1990 — 1999

A DECADE OF GROWTH

“The 90s for Greenbush represented this explosion of programs and services,” Mike Bodensteiner recalls. “Really what made that happen is what happened in the 80s and the 70s — leaders that created the foundation, and the staff.” Growth in the 1990s included special education programs such as Project Alternative, Project PLUS, and Project STAY; partnerships to reach learners within the Kansas Department of Corrections and the Forbes Juvenile Detention Center; the Mobile Space Station and traveling Life Education Center, which brought cutting-edge science education (featuring Harold the Giraffe) right to schools’ doorsteps; and several major additions to the Greenbush campus, including the William L. Abernathy Science Education Center, the PSU-Greenbush Astrophysical Observatory, and the challenge ropes course. These additions transformed the Greenbush campus into a learning environment unlike any other.

Harold the Giraffe

1990

SOUTHEAST… TO NORTH, SOUTH, EAST, AND WEST

At the request of many educators, Greenbush expanded its service area throughout the 90s and 2000s. The Greenbush Resource Center, which provides professional development opportunities in the northeast portion of the state, was established in Paola and eventually moved to its present home in Lawrence. Greenbush helped launch the Southwest Center for Excellence across the Missouri border in Webb City. Greenbush of Topeka was established at Forbes Field to house Project PLUS and several administrative staff. “We’re really good at taking (our culture) to other areas of the state,” said Mike Bodensteiner. “Lawrence, Forbes Field, Kansas Neurological Institute… regardless of where we’re located, it’s all about creating opportuntities for kids that would otherwise be impossible.”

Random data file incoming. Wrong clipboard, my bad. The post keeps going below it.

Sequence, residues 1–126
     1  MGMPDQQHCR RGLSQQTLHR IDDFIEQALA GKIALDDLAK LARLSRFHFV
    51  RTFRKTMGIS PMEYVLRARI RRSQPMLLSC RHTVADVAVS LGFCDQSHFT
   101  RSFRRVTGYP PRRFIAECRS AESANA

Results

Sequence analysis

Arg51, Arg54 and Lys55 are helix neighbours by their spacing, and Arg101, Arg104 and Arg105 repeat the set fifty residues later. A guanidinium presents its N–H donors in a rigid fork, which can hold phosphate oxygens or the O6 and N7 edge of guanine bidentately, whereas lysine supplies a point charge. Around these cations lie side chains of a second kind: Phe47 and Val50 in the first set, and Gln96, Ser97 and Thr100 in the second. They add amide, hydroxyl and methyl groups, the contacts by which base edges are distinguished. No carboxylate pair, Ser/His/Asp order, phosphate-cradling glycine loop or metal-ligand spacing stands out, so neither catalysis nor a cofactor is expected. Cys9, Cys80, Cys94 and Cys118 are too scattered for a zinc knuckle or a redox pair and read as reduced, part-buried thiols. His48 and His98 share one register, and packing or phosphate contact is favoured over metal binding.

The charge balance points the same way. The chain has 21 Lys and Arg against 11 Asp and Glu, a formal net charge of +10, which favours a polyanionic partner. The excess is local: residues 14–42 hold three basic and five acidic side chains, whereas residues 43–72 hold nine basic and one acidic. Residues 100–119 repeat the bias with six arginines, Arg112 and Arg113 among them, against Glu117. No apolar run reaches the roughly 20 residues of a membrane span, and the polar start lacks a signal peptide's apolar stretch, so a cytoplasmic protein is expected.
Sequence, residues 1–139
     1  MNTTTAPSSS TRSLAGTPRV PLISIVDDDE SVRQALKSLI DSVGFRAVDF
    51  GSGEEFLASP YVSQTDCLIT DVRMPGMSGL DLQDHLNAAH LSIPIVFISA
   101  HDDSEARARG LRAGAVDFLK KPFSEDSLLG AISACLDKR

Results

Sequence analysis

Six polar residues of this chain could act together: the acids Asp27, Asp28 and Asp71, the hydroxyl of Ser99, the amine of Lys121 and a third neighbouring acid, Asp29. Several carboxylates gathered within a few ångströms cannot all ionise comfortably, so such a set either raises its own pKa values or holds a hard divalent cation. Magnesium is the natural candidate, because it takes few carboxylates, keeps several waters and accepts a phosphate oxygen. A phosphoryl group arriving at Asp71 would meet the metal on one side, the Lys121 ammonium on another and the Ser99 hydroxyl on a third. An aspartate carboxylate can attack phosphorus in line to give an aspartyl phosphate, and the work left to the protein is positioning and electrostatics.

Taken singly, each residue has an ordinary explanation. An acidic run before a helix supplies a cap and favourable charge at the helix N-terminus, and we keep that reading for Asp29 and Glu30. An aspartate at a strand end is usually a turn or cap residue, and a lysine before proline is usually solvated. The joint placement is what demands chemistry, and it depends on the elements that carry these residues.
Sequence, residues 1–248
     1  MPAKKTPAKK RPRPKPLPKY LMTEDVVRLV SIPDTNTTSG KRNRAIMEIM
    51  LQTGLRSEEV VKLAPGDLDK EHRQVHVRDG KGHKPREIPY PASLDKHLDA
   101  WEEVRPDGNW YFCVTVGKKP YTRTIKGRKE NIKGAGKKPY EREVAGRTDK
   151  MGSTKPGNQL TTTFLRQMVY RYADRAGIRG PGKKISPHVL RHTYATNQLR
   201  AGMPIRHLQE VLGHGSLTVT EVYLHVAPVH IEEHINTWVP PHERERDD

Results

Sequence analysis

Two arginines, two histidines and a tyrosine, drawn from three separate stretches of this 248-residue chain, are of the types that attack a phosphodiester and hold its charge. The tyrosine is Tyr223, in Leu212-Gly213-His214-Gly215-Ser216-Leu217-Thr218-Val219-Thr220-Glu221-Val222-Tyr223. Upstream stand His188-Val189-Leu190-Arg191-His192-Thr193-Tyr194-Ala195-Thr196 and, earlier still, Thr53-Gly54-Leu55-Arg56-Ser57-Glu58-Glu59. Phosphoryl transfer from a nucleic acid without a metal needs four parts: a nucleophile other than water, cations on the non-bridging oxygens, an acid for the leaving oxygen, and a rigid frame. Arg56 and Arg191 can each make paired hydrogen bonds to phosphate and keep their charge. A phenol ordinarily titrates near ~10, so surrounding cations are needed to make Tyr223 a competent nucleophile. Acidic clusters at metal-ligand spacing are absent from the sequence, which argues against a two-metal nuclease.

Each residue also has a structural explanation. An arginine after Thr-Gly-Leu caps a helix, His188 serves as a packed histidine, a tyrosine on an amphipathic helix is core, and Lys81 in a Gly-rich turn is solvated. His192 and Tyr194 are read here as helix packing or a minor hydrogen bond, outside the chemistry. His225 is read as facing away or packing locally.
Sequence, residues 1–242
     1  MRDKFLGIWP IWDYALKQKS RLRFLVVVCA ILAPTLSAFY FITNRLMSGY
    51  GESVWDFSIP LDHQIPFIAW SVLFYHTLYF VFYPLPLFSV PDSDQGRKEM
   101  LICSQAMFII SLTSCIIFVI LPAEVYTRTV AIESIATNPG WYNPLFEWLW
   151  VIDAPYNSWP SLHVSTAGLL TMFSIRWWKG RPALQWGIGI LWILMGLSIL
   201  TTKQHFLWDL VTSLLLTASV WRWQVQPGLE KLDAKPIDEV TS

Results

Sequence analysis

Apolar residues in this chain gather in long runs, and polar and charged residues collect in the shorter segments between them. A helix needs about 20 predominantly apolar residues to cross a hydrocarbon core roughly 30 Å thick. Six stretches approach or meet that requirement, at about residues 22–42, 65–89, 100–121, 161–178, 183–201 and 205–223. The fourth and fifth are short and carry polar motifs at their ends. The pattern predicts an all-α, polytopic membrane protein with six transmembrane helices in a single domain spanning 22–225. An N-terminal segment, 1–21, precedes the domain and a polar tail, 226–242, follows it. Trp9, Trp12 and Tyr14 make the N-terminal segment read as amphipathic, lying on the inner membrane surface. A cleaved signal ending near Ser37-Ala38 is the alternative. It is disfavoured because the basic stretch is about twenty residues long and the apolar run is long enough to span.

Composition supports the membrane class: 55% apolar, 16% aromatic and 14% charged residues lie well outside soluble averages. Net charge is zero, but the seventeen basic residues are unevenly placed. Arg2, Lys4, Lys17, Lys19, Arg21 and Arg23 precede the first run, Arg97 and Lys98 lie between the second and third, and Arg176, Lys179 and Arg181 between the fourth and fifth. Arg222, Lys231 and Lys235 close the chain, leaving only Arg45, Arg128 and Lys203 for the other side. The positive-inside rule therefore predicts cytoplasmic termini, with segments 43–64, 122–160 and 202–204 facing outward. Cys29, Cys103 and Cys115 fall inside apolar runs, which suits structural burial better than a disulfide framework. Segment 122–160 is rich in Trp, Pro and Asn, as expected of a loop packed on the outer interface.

1995 — 2015

TINY-K INFANT TODDLER NETWORKS – A STATEWIDE PRESENCE

Tiny-K Infant Toddler Networks in Kansas provide educational services to infants and toddlers with disabilities as outlined in Part C of the Individuals with Disabilities Education Act. While Infant Toddler Networks existed prior to the 2004 reauthorization of IDEA, they often struggled to receive stable funding. Specifically, a network required partnership with a school district in order to receive categorical aid to offset the cost of salaries. Recognizing the benefit of partnership, three networks joined with Greenbush: TARC in 1995, Infant Toddler Services of Johnson County in 2012, and Russell Child Development Center in 2015. Partnering networks have enjoyed more stable funding, a beneficial business structure, and employee resources including mandated teacher evaluation and mentoring for KSDE-certified teachers. These partnerships expanded Greenbush’s reach to directly serve learners in southwest Kansas, Johnson County, and Shawnee County.

1996 — 1997

WELCOMING THE YELLOW BUSES – GIRARD CAMPUS EXPANSION

In the mid-90s, Greenbush completed several major construction projects at the Girard campus that would usher the organization into a new role directly educating students. With construction of the Abernathy Science Center, greenhouse, rainforest, ropes course, and the PSU/Greenbush Astrophysical Observatory, yellow buses began to transport students on a daily basis to Greenbush for science, math, and adventure-based learning. As Executive Director Mike Bodensteiner remembers, “Having kids every day, we became almost like an extension of every school district that sent kids.”

2006 — 2012

CONTINUED CAMPUS EXPANSION

After 10 years of operating the William L. Abernathy Science Education Center, leaders at Greenbush began to look toward the future of science education and identified bioscience as the number one need. This led to ambitious renovations and additions, including a digital media globe and fully equipped bioscience labs to provide new educational opportunities for students. Later, after years of planning and saving, the Camp & Retreat Center was built to accomodate students at overnight camps. Five cabins and a central gathering place were built, with the first overnight camps at the new facility starting in summer 2013.

2018 — 2020

A BRIGHT FUTURE

“Greenbush 2020 represents really a culmination of the last decade of work,” says Mike Bodensteiner. Celebrating its 40th anniversary in 2016, Greenbush is primed to continue its history of creating educational opportunities otherwise unavailable to students.